Studwell and Jefferson offer a complex and detailed discussion of privacy and DRM in chapter 7. Since the publication of this chapter, the landscape regarding information privacy has changed.1 However, this chapter still provides an essential and engaging discussion. To be better able to critically analyze ongoing changes in government regulation, and possible future changes, the broad understanding chapter 7 provides is essential. It starts with personal privacy issues, addresses historical regulation and case law, and ends with information-privacy responsibilities of libraries. For individuals, privacy often conflicts with convenience, efficiency, and even safety, and the library is just one setting where this conflict occurs. This chapter clearly explains how information that can be used to identify a person creates privacy problems when combined with other data, or when it is stored, aggregated, and analyzed.

Unfortunately, consumer interest and education, privacy policies of businesses, judicial interpretation of US law, regulatory agency policy, and US data law have not necessarily advanced to protect consumers as commercial practices in collecting consumer data have. Users face the often uncomfortable choice of relinquishing personal privacy to access information or not accessing that information at all. “If we don’t have the conversation about why reading and reader privacy matter, the choice will still be made, but it will be made only by companies interacting with the market” (134). Further, the authors argue that a clear opportunity exists for libraries to step up by articulating library privacy policies and those of third parties operating in and through libraries’ physical and digital spaces, and by educating communities. The author also express hope for efforts, such as NISO, to pull libraries together with software and content providers to draft principles that acknowledge all interests and roles in user privacy.2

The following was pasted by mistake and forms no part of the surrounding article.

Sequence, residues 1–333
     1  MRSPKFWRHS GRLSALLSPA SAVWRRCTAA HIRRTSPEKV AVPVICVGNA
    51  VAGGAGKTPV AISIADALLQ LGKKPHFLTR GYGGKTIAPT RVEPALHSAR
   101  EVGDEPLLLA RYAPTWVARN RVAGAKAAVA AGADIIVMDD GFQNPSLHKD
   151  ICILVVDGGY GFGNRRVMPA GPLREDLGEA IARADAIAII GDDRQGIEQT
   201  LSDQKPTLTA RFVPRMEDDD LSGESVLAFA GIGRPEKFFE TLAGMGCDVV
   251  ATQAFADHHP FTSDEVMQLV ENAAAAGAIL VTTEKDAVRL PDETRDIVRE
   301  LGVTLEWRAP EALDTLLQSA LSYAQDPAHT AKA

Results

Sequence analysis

In the final chapter, Neacsu argues that the Digital Millennium Copyright Act (DMCA) has positioned “knowledge as a luxury good” and that DRM generally contradicts copyright’s spirit of “overall progress and knowledge production” (174). The author argues that DRM makes fair use “inoperable” through its assumption that any use not expressly approved is illegal. Further, DRM interferes with libraries’ role in balancing information inequality, and it stifles innovation. Moving from the philosophical to the practical, the author illustrates myriad ways library departments and functions are hampered by DRM, proposing next steps for advocacy and alternative models for libraries. This final chapter concludes with considerations for agitating more broadly through consortia, library associations, and even the Librarian of Congress.

For librarians new to the profession or new to DRM, or those seeking to better serve their patrons regarding information access or privacy, this book is essential. It guides readers while not being restrictively prescriptive. It prompts questions and curiosity. Readers may find that when they finish it they are eager to get to work.—Laura Schmidli (laura.schmidli@gmail.com), Madison, Wisconsin

References

  1. Deborah Caldwell-Stone and Michael Robinson, “How Libraries Can Respond to the Repeal of Privacy Rules,” Choose Privacy Week, March 31, 2017, https://chooseprivacyweek.org/how-libraries-can-respond-to-the-repeal-of-the-fcc-privacy-rules.
  2. “NISO Consensus Principles on User’s Digital Privacy in Library, Publisher, and Software-Provider Systems,” National Information Standards Organization, December 10, 2015, http://niso.org/topics/tl/patron_privacy.